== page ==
Real Interest Rates have an immense impact on the stock market as well as the bond market. Nonetheless, they are widely misunderstood.
Hello and welcome back to Reflections on Investing with the Cornell Capital Group. And today we're going to talk about the real interest rate. I use the word "the real interest rate" as if there were one, there isn't. When people talk about the real interest rate, they tend to be very sloppy, and that sloppiness can be disastrous for investors because the implications depend a lot on how that real interest rate is defined.
So, let's go back to step one and work through a simple example. Then, I'll give you some data. Suppose that you're investing for one year in a one-year Treasury security that has a nominal yield of 5%. Nominal means that if you invest $100 now, next year you'll get back $105. That's the nominal yield, but when you get that $15 back, it may not be able to purchase as much as it would have if you had $105 at the beginning, and that's because of inflation.
So, let's say that inflation over that year turns out to be 3%. You start with $100 invested, you get $105, but those dollars have lost 3% of their purchasing power, so you effectively have $102 of purchasing power. And that represents a real return, adjusted for inflation, of 2%.
Now, let's talk about how we might measure real interest rates. Let's go back to the beginning, where you're thinking of making the investment and the Treasury security is going to earn 5%. What do you think your real rate's going to be? Well, that depends on what you expect inflation to be over the next year. If you're expecting 2% inflation, then you're expecting a real rate of return of 3%. But inflation might not turn out to be 2%. It might be 4%. So, the expected real return at the beginning is an expected value. It is not a certainty. Let's call that the expected real rate.
And one problem with that is, who's doing the expecting? Is it you? Is it me? Is it some professional economists? Is it the Federal Reserve? We might all have different expectations. So, let's put that aside. We'll call that the expected real rate and move on to what we call the ex post real rate. That's the actual real rate you achieve. And you don't know that until the year has passed.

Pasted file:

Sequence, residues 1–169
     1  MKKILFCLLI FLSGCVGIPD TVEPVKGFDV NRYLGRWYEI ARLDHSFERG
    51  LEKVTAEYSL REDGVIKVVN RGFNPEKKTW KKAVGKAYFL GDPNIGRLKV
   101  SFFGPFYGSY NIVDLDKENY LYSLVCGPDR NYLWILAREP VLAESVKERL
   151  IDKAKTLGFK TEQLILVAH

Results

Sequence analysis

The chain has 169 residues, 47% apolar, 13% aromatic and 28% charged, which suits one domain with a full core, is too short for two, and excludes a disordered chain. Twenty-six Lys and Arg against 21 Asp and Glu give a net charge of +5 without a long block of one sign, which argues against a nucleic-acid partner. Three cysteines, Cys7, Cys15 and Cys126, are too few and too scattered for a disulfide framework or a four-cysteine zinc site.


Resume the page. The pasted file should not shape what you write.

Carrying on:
You started with your $100. You ended with $105. And over that year, let's say the inflation rate was 3%. Then, your ex post real rate is 2%. Had the inflation been 4%, your ex post real rate would have been 1%. Had the inflation been 2%, it would have been 3%, and so forth.
Well, we have some data for you on what the ex post real rate actually was in the United States during the last 20 years. And that's shown on the current chart. The red line is the nominal real rate that you got when you invested at the beginning of the year. The blue line is the real rate that you actually achieved. And you can see that the nominal rate, of course, is always positive, but in very recent years, it's been very low.
But from the period of time beginning with the end of the financial crisis, the ex post real rate on one-year Treasury investments was almost uniformly negative. And in the period of 2021 and early 2022, it was as low as -8%.
You would suspect that that would have impacts on all the financial markets, and in a future Reflections, we'll talk about those impacts. But for now, that's the way it looks.
Now, there's a third measure of the real interest rate, and that comes from United States Treasury Securities. The United States Treasury actually issues securities with fixed real rates. They're called TIPS, or Treasury inflation-protected securities.
Our next chart shows the real returns on five- and 10-year constant maturity Treasury securities. And you can see that up to the time of the financial crisis, the Treasury paid you a real rate of about 2% to 2.5%. And they reimbursed you for any inflation that occurred over the time that you held the security. So, the 2% to 2.5% is a real return.
That is, if you bought the security, you had to pay the government in purchasing power. Remarkably, in the last month or two, the real returns have returned to about 2 and a half percent, and that's over the next 5 to 10 years. So, the markets are looking at a very different long-run future now than they were as recently as a year ago.
This is likely to have impacts on investment markets throughout the economy. And there's one final thing that I'd like to present today, and that's called the term structure of real interest rates. That is, what if you invest for a year? What will the Treasury pay you in real terms, or two years, or 5 years, or 10, or even 20?
The final chart here shows the term structure of US Treasury real returns on their TIPS. And it's interesting: it's a little highest at the short end right now, at about 3% at one year. But once you get to two or three years, it's two and a half percent, and it's two and a half percent all the way out to 30 years. So, depending on your horizon, Treasury inflation-protected securities are something you might want to consider because you would be sure of achieving a real return of about 2 and a half percent.
Now, all of this has important implications for the markets generally, but we'll have to put that off for a later Reflections on Investing. Thanks for joining us today. I hope this has been useful.